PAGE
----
The U.S. Health Agencies
Perhaps surprisingly, the government runs a network of linked first-rate sites (including those for the Centers for Disease Control and National Institutes of Health) that cover common diseases and treatments, with information that’s seemingly unbiased and frequently updated. “With the exception of the roll-out of ObamaCare,” Welch says, “the government runs some damn good websites.”
How to Navigate
- Go to the Centers for Disease Control and Prevention site, cdc.gov, and type in the disease or condition you want to learn about in the search box, top right corner of the homepage.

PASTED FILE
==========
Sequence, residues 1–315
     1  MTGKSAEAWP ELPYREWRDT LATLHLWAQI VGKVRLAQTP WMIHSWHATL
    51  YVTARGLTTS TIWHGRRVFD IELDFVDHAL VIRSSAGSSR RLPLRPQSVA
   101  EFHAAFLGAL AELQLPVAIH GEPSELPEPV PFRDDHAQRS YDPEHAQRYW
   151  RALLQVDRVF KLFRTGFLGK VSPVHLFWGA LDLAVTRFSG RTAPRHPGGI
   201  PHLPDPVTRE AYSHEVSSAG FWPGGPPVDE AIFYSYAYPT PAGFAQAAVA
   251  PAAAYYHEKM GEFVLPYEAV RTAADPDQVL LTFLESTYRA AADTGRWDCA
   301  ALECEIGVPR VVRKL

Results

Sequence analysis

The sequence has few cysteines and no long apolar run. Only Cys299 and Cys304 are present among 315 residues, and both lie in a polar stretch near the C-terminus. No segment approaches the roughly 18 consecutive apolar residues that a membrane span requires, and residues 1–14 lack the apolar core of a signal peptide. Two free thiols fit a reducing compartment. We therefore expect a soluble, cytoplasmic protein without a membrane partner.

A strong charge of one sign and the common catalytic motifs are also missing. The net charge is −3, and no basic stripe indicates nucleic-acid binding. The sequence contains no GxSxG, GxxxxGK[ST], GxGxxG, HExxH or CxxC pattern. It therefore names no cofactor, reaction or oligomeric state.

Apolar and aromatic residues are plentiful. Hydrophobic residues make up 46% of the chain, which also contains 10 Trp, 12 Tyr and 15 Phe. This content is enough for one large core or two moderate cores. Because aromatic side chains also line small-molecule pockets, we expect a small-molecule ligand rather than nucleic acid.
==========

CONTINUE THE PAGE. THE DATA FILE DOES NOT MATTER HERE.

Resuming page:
- Or click on “Diseases and Conditions” slightly lower down on the left hand side to see the range of what’s covered.
- It’s the same deal with the National Institutes of Health at nih.gov. Type in the problem in the search box or, slightly lower down on the left, click on “Health Information” to survey the landscape.
- In both cases, your search will turn up lists of relevant government health websites, great for casting a wide net, not so great for a targeted search with the clock ticking.
- If you’re looking for sensible, middle-of-the-road health advice, of the “do this, don’t do that” variety, check out the U.S. Department of Health and Human Services’ healthfinder.gov site.
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